Sca power point august, 2013 editorial boards
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Sca power point august, 2013 editorial boards Sca power point august, 2013 editorial boards Presentation Transcript

  • A United Voice for Saskatchewan Beef Producers Mission: To promote the well being of all production sectors of the Saskatchewan beef cattle industry through effective representation from all regions of the province.
  • SCA Priorities • Industry Profitability • Advocacy • Research and Innovation • Education and Consumer Outreach • Animal Health and Welfare • Environmental Stewardship
  • Cow-Calf Production • Calving is timed to coincide with the emerging spring grass for the cows to eat in order to produce milk for their calves. • Calving is almost all done out of doors. • Preference is for a short calving season in order to keep a close eye on cows about to give birth and allowing calves to reach market weight at approximately the same time.
  • The Bull Factor • Bulls and cows are not pastured together year- round. • Bulls are turned out with the cows in early summer and removed from the cow herd when cows are bred. • Approximately nine and a half months later the calves are born.
  • Calf Care • Most of the calf-care is left up to the mother cow. • However, certain interventions ensure the health and safety of the herd. • These include vaccinating against disease, castrating male calves, branding to identify ownership and dehorning. • All cattle must be ear tagged before they leave their herd of origin.
  • Weaning • Fall roundup is a tradition on many ranches and farms and still often done on horseback. • Cows and calves are brought in from their summer pasture and separated. • The calves are now ready to eat hay and grass on their own. • At this point many operators sell their year’s calf crop to someone specializing in backgrounding or background their calves themselves. • Some female calves may be kept to replace older cows for breeding.
  • Backgrounding • After weaning, calves are placed on a forage- based diet over winter until their weight increases to about 900 pounds (400 kgs). • This process is known as backgrounding. • The amount of grain fed is limited so the cattle don’t gain weight too quickly.
  • Finishing • At nine to eleven months of age young cattle are typically placed in a feedlot where they are brought to a finished weight of approximately 1,250 pounds (560 kgs). • A diet of forages is gradually changed until it is comprised of about 90% grain. • Grain finishing produces a tender, marbled beef. • Cattle have plenty of room to move around and have free access to feed and water. • Cattle typically spend 60 to 200 days in a feedlot.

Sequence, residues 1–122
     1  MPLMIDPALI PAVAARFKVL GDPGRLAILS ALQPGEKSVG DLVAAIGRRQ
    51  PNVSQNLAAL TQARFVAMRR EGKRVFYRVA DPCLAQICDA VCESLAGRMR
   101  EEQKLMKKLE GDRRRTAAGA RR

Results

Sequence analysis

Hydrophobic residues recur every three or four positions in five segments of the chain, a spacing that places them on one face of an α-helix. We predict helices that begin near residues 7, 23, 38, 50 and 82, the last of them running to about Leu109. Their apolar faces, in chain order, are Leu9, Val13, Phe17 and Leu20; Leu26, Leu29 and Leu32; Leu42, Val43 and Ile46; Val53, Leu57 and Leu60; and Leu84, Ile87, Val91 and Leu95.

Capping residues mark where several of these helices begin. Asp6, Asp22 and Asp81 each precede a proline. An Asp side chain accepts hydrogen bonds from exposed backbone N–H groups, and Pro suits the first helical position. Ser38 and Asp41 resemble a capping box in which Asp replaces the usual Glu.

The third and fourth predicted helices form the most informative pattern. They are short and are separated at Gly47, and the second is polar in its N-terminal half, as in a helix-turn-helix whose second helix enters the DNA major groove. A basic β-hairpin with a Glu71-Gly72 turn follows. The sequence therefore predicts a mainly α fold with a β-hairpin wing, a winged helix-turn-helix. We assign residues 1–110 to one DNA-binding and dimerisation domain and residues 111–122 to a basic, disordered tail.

• Research • The SCA, through the Saskatchewan Beef Industry Development Fund (SBIDF), helps fund practical research and endeavors to manage the research evaluation process as new priorities and opportunities present themselves. • SCA believes a provincial research strategy, which complements the national beef research strategy, is required to ensure the industry’s ongoing success.
  • Environmental Stewardship • Raising cattle is a lifestyle as well as a business. • The economic survival of a beef cattle operation depends on conservation practices. • Cattle grazing benefits land, water, the atmosphere and wildlife. • The industry has invested millions of dollars in environmental research and awareness programming.
  • Code of Practice for the Care and Handling of Beef Cattle • The code has been updated and was released in early September, 2013. • It is a guideline for the care and handling of beef cattle. • It reflects current beef management practices and identifies welfare hazards, opportunities and methods to assure well-being.
  • Did you know?* • There were 4.23 million beef cows in Canada as of January 1, 2012. • Saskatchewan has 30.6% of these - the second largest beef herd in Canada. • Saskatchewan cattle producers manage over 17 million acres of native pasture and tame hay. • Canada produced 3.02 billion pounds of beef in 2011 – down 14% from 2010. • Canadians eat 44.2 pounds of beef annually. • Beef production contributed $25.96 billion to Canada’s economy in 2011 – up 5.5% from 2010. *Canfax, Statistics Canada 2011
  • Current Issues in the Cattle Industry 1. mCOOL 2. Relocation of the Beef Cattle Research Teaching Unit (BCRTU)at the University of Saskatchewan 3. E-coli 4. Hormone and anti-microbial use 5. BSE and International trade 6. PFRA pastures
  • QUESTIONS ? For further information contact : Saskatchewan Cattlemen’s Association 310-820 51st St. East Saskatoon SK S7K 0X8 p 306.665.2333 f 306.665.2336 toll free 1.877.908.2333 e info@saskbeef.com www.saskbeef.com Follow SCA on Twitter @SaskBeefAssc